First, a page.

Compounding matters, Statewide says, are the Government's abbreviated follow-up efforts after a bond is breached. In that event, DHS sends the bonding company a “Notice to Produce Alien” (NPA) - a document directing it to ensure the non-citizen's attendance at a hearing. Id., ¶¶ 48-50. Yet the NPAs allegedly give Plaintiffs less than ten days to track down persons who have missed the hearings, which they maintain is insufficient. Id., ¶ 52. Those practices, not surprisingly, thus lead to a substantial number of uncured bond breaches.

         Where the Complaint gets more confusing is in its articulated causes of action, which are differentiated by form of relief rather than, as is appropriate, the substantive legal claim. Each count, in fact, conflates different claims under one heading. The first, for example, seeks “Declaratory Relief for violation of the Administrative Procedure[] Act . . . by disregarding the requirements of, inter alia, 8 U.S.C. § 1229 and for violation of Procedural and Substantive Due Process Rights protected by the Due Process Clause 5th Amendment of the U.S. Constitution.” Id. at 18. The second seeks “Injunctive Relief for violation of the Administrative Procedure[] Act . . . as well as Procedural and Substantive Due Process Rights.” Id. at 19. In support of these claims, Statewide points to DHS's practice of issuing NTAs without a “time, date and place regarding immigrant court appearance” and sending NPAs with an “inadequate amount of time to produce an alien.” Id., ¶ 58.

         After filing the Amended Complaint, Plaintiffs filed a Motion for Declaratory Judgment and Permanent Injunctive Relief. See ECF No. 10. In addition to opposing that Motion, the Government has filed Motions to Dismiss for Lack of Jurisdiction under Rule 12(b)(1) and for More Definite Statement under Rule 12(e). See ECF No. 22 (MTD).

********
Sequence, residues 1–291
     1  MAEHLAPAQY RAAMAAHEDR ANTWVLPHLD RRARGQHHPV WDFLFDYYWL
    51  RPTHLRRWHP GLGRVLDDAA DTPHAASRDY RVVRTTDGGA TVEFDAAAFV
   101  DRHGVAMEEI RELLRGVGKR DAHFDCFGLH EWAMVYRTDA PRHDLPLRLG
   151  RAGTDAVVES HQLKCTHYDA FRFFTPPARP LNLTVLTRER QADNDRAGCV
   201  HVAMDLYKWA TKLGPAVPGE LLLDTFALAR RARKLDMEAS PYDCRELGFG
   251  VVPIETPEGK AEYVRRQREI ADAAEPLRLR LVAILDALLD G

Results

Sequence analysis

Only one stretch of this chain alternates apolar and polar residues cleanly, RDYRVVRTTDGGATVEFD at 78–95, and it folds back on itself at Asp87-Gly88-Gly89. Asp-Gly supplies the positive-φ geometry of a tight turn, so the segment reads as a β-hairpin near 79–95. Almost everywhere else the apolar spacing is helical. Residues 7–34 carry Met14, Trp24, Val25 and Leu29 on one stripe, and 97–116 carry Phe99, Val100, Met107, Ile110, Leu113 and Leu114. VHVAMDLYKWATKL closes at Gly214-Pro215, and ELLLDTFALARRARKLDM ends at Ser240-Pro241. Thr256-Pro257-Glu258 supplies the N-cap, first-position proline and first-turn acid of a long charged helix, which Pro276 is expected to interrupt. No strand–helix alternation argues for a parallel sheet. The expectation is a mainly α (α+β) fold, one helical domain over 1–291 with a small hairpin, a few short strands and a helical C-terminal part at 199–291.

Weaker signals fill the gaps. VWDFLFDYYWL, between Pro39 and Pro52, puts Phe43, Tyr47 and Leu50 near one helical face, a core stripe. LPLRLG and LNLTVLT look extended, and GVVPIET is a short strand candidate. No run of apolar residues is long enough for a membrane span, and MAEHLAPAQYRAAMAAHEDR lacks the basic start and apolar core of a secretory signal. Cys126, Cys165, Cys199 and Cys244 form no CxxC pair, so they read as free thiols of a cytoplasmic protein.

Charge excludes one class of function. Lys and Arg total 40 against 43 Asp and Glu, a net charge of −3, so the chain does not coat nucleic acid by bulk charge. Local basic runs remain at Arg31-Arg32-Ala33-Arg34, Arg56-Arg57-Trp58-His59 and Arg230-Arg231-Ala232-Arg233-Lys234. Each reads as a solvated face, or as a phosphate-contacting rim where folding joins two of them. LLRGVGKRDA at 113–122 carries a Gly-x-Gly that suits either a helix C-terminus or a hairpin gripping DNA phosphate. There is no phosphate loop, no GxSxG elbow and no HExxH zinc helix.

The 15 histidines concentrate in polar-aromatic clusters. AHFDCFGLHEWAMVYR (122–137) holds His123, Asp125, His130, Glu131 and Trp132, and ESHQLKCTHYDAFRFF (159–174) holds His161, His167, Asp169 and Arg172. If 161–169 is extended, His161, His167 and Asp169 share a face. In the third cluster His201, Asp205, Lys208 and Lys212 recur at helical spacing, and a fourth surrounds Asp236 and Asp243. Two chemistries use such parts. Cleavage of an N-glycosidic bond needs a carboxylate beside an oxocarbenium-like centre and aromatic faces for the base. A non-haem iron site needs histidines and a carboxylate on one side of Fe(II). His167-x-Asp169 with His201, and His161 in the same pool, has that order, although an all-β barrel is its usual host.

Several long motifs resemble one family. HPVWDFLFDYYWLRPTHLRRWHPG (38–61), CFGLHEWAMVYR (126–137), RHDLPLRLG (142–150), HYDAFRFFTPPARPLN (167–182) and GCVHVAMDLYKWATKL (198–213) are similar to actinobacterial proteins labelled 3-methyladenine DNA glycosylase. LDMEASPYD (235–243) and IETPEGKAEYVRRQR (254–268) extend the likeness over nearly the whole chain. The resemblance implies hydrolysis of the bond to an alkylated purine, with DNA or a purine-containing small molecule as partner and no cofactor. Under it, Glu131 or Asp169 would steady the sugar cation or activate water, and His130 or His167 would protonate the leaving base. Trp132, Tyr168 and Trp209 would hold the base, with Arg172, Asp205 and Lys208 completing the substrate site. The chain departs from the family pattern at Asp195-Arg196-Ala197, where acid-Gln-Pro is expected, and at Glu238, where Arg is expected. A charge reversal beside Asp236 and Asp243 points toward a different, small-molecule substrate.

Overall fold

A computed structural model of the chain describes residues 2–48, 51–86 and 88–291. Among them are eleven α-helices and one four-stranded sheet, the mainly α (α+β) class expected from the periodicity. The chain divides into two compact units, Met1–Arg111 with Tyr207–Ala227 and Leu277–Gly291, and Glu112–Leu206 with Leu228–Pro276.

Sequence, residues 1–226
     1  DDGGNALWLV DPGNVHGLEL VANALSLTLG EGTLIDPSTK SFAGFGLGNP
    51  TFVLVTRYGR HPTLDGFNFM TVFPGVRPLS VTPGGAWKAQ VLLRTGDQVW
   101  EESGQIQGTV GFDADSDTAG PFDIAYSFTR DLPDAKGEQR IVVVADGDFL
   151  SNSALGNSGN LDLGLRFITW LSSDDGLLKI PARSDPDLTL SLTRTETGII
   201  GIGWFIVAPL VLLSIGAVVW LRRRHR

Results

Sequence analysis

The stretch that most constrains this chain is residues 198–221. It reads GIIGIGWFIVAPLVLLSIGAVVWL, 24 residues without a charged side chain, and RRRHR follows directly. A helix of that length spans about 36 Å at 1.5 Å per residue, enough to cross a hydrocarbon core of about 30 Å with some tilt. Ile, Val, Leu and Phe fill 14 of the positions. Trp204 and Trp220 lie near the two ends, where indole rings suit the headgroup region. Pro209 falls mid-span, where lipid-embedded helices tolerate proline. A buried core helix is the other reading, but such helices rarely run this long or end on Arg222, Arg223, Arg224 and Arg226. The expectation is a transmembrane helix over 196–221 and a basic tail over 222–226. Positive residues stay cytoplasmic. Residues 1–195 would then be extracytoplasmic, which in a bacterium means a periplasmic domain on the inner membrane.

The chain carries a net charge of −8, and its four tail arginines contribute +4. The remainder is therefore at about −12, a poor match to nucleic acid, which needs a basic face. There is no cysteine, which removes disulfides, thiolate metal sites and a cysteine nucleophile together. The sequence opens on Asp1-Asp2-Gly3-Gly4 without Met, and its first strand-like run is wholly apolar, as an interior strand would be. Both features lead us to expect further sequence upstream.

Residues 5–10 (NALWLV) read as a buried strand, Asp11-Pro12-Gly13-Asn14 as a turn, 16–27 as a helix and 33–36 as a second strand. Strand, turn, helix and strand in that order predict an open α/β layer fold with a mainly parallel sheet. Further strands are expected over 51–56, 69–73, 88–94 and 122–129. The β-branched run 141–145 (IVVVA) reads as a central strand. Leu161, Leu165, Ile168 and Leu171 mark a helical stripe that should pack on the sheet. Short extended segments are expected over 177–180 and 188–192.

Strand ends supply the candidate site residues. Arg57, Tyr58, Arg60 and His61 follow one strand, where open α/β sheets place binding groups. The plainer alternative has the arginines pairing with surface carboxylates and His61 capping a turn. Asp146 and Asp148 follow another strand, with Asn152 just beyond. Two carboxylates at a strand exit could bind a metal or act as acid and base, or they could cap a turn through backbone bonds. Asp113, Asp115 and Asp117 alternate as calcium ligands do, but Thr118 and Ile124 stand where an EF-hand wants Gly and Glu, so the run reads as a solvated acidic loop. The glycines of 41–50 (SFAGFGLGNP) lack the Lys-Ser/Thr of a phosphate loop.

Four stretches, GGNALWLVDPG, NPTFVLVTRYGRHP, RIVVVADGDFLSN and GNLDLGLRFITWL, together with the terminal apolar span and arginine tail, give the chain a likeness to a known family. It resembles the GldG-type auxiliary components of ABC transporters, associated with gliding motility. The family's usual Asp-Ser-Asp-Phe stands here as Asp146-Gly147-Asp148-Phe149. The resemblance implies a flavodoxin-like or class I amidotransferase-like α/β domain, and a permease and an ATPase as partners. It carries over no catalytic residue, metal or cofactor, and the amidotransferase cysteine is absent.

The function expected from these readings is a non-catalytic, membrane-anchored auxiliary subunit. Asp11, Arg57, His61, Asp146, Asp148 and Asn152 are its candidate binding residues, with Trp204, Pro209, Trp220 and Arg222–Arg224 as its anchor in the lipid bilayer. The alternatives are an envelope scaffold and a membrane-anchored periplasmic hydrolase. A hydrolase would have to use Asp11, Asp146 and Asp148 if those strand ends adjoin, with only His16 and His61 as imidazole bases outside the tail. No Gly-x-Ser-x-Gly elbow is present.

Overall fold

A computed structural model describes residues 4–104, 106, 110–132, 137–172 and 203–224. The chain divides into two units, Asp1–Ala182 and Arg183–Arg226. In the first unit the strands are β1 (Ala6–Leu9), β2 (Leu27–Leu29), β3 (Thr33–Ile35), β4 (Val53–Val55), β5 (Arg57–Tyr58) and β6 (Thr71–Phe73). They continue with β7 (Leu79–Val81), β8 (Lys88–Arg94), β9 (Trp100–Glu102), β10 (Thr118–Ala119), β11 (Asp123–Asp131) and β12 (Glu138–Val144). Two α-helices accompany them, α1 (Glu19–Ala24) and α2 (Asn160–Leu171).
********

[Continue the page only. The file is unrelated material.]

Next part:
II. Legal Standard

         As the Court does not ultimately evaluate Plaintiffs' Motion, it sets out the standards only for those brought by Defendants. In analyzing their Motion to Dismiss, the Court must “treat the complaint's factual allegations as true . . . and must grant plaintiff ‘the benefit of all inferences that can be derived from the facts alleged.'” Sparrow v. United Air Lines, Inc., 216 F.3d 1111, 1113 (D.C. Cir. 2000) (quoting Schuler v. United States, 617 F.2d 605, 608 (D.C. Cir. 1979)) (internal citation omitted). The Court need not accept as true, however, “a legal conclusion couched as a factual allegation, ” nor an inference unsupported by the facts set forth in the complaint. Trudeau v. FTC, 456 F.3d 178, 193 (D.C. Cir. 2006) (quoting Papasan v. Allain, 478 U.S. 265, 286 (1986) (internal quotation marks omitted)).

         To survive a motion to dismiss under Rule 12(b)(1), the plaintiff bears the burden of proving that the Court has subject-matter jurisdiction to hear its claims. See Lujan v. Defenders of Wildlife, 504 U.S. 555, 561 (1992); US Ecology, Inc. v. U.S. Dep't of Interior, 231 F.3d 20, 24 (D.C. Cir. 2000). A court has an “affirmative obligation to ensure that it is acting within the scope of its jurisdictional authority.” Grand Lodge of the Fraternal Order of Police v. Ashcroft, 185 F.Supp.2d 9, 13 (D.D.C. 2001). For this reason, “‘the [p]laintiff's factual allegations in the complaint . . . will bear closer scrutiny in resolving a 12(b)(1) motion' than in resolving a 12(b)(6) motion for failure to state a claim.” Id. at 13-14 (quoting 5A Charles A. Wright & Arthur R. Miller, Fed. Practice & Procedure § 1350 (2d ed. 1987)) (alteration in original).

         Rule 12(e) permits a defendant to move for a more definite statement if “a pleading . . . is so vague or ambiguous that the party cannot reasonably prepare a response.” “[W]hen a defendant is unclear about the meaning of a particular allegation in the complaint, the proper course of action is not to move to dismiss but to move for a more definite statement.” Hilska v. Jones, 217 F.R.D. 16, 21 (D.D.C. 2003) (quoting Am. Nurses' Ass'n v. Illinois, 783 F.2d 716, 725 (7th Cir. 1986)).

         III. ...